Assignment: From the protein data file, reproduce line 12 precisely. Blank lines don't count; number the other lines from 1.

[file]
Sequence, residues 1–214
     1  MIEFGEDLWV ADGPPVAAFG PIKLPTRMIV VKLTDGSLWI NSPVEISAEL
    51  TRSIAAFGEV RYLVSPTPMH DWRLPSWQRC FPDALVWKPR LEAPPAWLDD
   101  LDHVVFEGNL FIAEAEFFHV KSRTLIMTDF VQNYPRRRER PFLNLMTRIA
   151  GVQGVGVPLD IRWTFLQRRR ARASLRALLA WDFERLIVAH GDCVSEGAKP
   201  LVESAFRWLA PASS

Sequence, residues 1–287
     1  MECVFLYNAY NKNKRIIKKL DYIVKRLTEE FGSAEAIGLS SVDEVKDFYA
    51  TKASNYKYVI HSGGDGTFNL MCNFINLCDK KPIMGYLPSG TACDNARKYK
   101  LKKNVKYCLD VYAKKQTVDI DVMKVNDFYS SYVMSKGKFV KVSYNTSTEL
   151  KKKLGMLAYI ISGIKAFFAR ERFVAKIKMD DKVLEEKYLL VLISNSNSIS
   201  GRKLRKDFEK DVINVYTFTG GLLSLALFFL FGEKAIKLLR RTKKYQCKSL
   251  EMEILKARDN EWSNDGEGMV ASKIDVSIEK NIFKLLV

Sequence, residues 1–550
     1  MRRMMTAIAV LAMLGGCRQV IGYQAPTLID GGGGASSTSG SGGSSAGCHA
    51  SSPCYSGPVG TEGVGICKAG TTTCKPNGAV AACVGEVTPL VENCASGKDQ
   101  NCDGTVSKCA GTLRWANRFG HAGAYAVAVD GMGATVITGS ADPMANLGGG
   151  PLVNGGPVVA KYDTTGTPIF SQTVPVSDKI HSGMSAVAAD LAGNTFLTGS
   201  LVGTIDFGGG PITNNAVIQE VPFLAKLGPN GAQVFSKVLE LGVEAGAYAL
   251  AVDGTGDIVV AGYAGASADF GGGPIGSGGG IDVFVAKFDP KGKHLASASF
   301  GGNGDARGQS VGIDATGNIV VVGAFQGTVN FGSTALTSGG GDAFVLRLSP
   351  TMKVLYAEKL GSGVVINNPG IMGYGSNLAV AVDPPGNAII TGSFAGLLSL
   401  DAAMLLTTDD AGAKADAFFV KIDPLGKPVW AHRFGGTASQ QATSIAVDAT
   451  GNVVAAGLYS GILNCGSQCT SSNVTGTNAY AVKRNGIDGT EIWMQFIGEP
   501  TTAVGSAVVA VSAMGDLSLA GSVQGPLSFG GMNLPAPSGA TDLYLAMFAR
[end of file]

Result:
   201  GRKLRKDFEK DVINVYTFTG GLLSLALFFL FGEKAIKLLR RTKKYQCKSL